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Last Updated: Wednesday, 6 June 2007, 11:13 GMT 12:13 UK
RAF gunner war hero dies aged 87
Wallace McIntosh
Mr McIntosh flew 55 missions during WWII
A war hero who became the RAF's most decorated air gunner has died at the age of 87.

Wallace McIntosh from Aberdeen survived 55 World War II missions as a Lancaster rear gunner in Bomber Command's 207 Squadron.

Flying Officer McIntosh is believed to hold the record for downing the most enemy planes from a bomber, with eight confirmed kills and one "probable".

He died on Monday from lung cancer, at Aberdeen Royal Infirmary.

Mr McIntosh was awarded the Distinguished Flying Medal and Distinguished Flying Cross twice - the RAF's highest honour for bravery - for bombing raids between 1943 and 1944.

In one mission he shot down three German fighter aircraft as his Lancaster bomber carried out a raid on enemy armour during preparations for the Normandy landings.

His efforts earned him a rare telegram of congratulations from the leader of Bomber Command, Air Chief Marshal Sir Arthur Harris.

'Against the odds'

Mr McIntosh was born in a barn near Tarves, Aberdeenshire, in 1920.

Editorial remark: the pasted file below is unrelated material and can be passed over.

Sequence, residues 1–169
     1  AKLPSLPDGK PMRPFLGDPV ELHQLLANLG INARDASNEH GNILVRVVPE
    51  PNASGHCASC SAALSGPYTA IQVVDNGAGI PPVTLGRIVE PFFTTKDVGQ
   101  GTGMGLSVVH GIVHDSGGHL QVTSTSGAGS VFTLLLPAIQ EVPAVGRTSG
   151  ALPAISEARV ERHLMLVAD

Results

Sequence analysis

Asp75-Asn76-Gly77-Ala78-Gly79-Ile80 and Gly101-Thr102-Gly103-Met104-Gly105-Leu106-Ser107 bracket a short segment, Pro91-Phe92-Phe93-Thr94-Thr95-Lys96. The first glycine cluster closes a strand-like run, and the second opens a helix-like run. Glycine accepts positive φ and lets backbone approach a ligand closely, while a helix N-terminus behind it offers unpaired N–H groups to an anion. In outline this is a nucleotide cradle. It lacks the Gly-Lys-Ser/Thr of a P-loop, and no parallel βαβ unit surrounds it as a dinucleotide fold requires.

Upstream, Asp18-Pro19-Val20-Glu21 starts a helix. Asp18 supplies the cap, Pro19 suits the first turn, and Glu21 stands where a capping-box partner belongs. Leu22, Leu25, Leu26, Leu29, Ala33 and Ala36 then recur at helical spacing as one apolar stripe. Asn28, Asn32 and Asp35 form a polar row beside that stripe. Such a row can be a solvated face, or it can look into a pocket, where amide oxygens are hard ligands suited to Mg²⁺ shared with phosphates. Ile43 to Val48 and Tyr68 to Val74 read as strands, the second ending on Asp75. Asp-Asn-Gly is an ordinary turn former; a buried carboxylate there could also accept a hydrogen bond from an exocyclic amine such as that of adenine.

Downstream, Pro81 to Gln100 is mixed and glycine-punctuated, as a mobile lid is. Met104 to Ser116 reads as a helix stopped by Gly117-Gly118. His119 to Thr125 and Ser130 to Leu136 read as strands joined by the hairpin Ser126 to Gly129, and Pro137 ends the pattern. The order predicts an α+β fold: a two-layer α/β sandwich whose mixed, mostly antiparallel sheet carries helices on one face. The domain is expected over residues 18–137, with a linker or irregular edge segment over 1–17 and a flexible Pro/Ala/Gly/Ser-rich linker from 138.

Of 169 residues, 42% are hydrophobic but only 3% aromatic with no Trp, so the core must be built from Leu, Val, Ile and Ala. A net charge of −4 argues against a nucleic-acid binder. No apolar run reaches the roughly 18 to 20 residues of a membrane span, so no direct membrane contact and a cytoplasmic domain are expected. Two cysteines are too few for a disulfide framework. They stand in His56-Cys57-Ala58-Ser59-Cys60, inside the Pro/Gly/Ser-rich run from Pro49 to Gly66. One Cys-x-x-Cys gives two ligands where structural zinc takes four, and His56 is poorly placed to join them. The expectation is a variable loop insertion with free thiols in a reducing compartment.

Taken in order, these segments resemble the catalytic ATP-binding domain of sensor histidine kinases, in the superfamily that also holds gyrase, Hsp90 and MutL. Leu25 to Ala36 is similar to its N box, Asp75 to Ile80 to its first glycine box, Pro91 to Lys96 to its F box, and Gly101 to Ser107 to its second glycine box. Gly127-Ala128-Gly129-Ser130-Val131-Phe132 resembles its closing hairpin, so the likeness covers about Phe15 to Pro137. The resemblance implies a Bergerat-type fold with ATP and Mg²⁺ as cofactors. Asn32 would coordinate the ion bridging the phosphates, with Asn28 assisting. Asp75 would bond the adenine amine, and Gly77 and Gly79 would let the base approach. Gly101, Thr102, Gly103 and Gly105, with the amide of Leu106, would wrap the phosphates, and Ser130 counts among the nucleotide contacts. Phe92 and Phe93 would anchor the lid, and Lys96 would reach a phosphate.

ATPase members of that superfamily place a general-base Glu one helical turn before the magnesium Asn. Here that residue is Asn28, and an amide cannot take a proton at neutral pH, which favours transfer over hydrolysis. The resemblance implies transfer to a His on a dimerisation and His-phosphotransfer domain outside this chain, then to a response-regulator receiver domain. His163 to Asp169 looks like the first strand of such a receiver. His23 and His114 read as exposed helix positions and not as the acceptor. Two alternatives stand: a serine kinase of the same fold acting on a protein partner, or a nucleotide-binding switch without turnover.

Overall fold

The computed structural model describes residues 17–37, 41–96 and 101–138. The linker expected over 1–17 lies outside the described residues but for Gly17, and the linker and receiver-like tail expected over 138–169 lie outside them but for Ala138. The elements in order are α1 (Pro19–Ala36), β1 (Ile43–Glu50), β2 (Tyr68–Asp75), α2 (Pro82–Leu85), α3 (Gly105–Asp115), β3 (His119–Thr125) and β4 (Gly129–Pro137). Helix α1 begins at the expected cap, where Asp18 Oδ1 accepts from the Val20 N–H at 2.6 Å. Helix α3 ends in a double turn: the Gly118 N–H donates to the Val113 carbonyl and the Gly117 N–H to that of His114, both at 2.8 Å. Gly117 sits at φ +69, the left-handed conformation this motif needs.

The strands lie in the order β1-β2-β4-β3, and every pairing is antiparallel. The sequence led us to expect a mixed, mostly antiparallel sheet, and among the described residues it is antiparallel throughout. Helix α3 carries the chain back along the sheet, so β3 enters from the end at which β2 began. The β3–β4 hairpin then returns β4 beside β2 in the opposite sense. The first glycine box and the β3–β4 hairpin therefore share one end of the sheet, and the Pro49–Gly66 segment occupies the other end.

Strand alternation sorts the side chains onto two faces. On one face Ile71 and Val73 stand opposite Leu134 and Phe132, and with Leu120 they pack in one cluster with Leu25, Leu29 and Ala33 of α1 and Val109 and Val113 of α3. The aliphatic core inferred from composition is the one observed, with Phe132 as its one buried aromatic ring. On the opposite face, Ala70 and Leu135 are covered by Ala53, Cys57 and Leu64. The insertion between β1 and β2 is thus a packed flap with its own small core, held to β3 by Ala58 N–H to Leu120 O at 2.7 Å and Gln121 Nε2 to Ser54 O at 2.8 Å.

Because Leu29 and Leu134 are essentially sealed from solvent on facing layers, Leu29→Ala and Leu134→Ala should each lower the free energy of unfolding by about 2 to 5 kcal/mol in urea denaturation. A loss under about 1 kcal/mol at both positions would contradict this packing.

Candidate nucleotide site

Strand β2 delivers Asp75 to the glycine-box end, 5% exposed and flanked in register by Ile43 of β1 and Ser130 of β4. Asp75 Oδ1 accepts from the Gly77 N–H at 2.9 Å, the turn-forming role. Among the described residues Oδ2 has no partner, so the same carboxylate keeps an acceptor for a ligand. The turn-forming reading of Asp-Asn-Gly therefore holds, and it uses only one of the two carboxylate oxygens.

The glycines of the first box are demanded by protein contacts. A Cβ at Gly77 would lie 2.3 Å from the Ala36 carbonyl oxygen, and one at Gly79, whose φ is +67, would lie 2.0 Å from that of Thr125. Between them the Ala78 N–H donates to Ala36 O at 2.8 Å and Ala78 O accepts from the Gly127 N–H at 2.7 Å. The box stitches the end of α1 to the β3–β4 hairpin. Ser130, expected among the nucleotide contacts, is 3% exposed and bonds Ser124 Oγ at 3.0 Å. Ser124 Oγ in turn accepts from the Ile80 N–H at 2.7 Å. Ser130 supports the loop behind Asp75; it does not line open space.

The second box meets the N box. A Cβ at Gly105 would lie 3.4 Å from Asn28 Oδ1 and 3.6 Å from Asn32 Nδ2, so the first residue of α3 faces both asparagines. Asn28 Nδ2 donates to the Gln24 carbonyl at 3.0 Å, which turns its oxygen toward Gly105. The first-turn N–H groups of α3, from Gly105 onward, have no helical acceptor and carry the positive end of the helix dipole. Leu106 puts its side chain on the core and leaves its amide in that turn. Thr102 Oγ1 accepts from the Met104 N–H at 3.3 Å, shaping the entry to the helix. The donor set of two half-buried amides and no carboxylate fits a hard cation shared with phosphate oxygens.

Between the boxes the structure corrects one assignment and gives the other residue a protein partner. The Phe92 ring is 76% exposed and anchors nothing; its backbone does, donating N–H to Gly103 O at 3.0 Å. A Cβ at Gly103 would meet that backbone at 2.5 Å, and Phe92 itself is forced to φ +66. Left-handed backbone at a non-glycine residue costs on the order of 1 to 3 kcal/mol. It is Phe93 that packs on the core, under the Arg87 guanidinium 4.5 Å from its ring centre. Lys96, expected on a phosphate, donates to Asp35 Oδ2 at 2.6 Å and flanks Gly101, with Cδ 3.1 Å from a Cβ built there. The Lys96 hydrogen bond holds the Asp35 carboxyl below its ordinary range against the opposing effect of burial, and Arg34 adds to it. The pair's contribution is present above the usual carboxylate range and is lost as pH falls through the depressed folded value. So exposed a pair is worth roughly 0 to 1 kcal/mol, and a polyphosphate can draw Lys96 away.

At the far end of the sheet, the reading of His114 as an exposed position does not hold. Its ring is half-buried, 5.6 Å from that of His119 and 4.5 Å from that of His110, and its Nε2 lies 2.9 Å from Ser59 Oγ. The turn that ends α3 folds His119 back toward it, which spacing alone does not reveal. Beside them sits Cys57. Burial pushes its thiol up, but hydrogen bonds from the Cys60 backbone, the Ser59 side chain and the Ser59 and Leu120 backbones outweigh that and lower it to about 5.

He was brought up by his grandparents after his teenage mother abandoned him.

According to his 2003 biography, Gunning for the Enemy, he joined the RAF at the height of the war to escape from the poverty of life as a farm labourer.

During the war, he was based at RAF Langar in Nottinghamshire and RAF Spilsby in Lincolnshire.

RAF spokesman Michael Mulford described Mr McIntosh as a "true hero".

Lancaster bomber
Lancaster bomber crews suffered extremely high casualty rates

He said: "Anyone who flew in Lancasters during the bombings knew the odds were against them.

"Your life was on the line every moment. To do the job as well as he did was truly exceptional.

"He did that 55 times and lived to tell the tale.

"You had to be very highly skilled to be able to fire these guns when your own aircraft is bouncing about twisting and turning."

Lancaster crews faced some of the most hazardous conditions during WWII with tail gunners particularly exposed.

The 207 Squadron alone lost 1,007 men.

One of Mr McIntosh's three children, Mary McIntosh, 44, said: "We never really became aware of his achievements until after he retired.

"He had a very hard start to life and did well to overcome that."

His funeral is expected to be held at Dyce Parish Church.

RAF spokesman pays tribute to Wallace McIntosh

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